The Masters stand on the small stage and sit down in plastic chairs facing us. They hold papers in their hands, paper and pens. Paper and pens, they’re very rare to come by; I’ve only seen a few in my lifetime. There aren’t many places in the world that still make paper. Behind the Masters hangs the Eternal Albion flag. It’s spectacular. A grey background tainted with red embers and in the centre a red phoenix. We are the people of the ashes. We have risen as a great power from the ashes that our forefathers buried us in. We are immortal, we are Eternal Albion.
I feel a certain surge of pride when I see the flag hanging behind our Masters. At the same time, I feel butterflies in my stomach. As silence envelopes the room I realise this is the moment that will define the rest of my life. This is what I’ve been preparing for my whole life, this is my time to shine, to prove to my people that I’m worthy of being a Perfect, worthy of my country and that I will serve it until I day I die, proudly.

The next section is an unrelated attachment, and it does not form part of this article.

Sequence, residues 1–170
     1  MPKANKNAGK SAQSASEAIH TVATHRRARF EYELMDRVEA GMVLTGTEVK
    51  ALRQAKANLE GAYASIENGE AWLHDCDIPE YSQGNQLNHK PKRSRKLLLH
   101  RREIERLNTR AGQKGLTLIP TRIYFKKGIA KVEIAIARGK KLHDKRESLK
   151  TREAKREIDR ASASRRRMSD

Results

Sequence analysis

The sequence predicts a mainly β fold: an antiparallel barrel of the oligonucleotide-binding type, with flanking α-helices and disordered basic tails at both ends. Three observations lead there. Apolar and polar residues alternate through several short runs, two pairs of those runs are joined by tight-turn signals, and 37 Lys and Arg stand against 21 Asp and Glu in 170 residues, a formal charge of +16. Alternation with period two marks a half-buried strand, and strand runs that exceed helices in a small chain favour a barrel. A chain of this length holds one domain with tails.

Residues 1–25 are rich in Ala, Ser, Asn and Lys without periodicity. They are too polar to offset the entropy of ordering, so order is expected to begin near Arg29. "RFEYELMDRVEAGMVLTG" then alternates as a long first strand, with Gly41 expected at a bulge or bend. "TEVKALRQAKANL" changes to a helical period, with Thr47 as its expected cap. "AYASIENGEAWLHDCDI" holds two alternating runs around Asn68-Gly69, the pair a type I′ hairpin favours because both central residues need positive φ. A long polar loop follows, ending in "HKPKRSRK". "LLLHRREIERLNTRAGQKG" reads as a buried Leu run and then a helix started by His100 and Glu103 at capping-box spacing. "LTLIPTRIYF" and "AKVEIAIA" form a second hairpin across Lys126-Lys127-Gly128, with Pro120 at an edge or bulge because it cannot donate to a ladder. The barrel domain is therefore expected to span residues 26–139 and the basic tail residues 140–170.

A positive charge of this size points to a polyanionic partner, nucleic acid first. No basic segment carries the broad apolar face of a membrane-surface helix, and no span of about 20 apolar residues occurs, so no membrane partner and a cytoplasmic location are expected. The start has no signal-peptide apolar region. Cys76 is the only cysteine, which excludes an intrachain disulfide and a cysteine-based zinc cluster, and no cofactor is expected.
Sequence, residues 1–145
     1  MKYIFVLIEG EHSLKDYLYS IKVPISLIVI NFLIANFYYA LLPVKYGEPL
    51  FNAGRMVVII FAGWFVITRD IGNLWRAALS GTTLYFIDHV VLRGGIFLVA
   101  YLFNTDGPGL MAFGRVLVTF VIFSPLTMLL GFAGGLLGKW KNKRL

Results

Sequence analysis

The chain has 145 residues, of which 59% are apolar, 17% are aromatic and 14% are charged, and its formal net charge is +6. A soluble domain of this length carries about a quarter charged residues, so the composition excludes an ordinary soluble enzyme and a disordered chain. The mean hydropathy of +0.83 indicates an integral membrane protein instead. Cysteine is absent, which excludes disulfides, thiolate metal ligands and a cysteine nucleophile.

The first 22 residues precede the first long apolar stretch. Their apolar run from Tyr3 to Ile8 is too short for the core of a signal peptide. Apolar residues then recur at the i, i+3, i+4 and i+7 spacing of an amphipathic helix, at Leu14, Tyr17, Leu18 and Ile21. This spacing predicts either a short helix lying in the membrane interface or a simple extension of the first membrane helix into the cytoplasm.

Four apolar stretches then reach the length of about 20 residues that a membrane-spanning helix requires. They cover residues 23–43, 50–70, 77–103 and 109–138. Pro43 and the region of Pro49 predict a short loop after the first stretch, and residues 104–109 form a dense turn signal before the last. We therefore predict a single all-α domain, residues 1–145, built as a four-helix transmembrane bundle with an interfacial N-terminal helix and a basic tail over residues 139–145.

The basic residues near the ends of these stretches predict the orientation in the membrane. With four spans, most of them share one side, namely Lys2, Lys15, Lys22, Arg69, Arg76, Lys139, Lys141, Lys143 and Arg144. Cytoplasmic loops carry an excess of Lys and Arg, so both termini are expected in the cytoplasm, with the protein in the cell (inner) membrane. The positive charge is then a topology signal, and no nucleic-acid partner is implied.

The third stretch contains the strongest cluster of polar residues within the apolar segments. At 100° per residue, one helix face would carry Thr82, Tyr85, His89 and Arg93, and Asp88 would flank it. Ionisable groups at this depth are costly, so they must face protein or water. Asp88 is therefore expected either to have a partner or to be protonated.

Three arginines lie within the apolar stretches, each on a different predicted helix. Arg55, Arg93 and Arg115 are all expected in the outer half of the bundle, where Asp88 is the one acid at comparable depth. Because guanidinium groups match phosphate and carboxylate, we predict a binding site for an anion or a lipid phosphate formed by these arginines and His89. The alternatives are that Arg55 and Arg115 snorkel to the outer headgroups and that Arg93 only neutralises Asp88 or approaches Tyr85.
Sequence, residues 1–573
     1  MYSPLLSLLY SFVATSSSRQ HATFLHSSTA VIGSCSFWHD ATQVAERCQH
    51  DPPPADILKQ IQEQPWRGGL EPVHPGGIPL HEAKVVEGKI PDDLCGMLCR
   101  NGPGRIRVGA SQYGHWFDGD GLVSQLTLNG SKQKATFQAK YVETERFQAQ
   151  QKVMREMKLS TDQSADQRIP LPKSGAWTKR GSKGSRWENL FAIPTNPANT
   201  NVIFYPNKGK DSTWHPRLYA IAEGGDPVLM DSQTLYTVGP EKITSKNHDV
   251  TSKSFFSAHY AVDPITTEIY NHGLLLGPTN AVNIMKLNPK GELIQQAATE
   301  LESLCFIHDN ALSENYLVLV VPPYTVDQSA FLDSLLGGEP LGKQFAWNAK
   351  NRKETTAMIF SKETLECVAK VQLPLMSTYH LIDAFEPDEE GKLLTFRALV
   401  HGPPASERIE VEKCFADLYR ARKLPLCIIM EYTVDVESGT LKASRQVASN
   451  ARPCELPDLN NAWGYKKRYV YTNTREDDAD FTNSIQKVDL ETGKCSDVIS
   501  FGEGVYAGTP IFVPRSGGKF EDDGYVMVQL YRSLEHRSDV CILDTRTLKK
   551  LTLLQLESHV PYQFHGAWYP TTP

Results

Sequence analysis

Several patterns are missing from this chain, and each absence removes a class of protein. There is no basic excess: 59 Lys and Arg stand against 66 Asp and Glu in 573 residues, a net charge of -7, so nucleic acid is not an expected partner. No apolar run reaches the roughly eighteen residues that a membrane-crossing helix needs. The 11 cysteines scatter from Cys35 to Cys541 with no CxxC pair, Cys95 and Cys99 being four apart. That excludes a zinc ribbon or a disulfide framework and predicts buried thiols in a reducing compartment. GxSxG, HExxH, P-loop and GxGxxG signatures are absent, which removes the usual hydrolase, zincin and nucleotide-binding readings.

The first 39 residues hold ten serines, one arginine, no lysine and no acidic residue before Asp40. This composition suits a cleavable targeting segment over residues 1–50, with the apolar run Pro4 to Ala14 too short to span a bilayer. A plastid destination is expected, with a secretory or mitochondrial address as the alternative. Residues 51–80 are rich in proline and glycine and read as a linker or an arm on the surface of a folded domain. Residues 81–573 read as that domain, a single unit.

I’m one of the youngest in my generation so I stand in the last line, closest to the locked windows. It’s the last day of testing and all those girls in the other lines have already been tested, have become Perfects and now they wait for us so we can go to the establishments together. They look at us encouragingly, as if they’ve aged five years, as if they are already Albion mothers.
Finally one of the Masters looks up at our line. He peers at us closely then turns to his list. He clears his throat, it’s the loudest sound in the room and everyone tenses.
“Numbers 958687487.64.3, to 987533512.64.5,” he says. “Please wait outside the room until your number is called. The rest of you are dismissed,” he announces. There’s a shuffle of feet then we all place our hands over my heart and face our flag. We swear our lives to the flag proudly. Then the girls who have already become Perfects leave the room silently. My line waits for them to disappear before we exit into the corridor. There are long benches in place and we sit down to wait. One girl stays inside. Sandy, number 987483.64.3. I see her glance behind to us just before the doors close.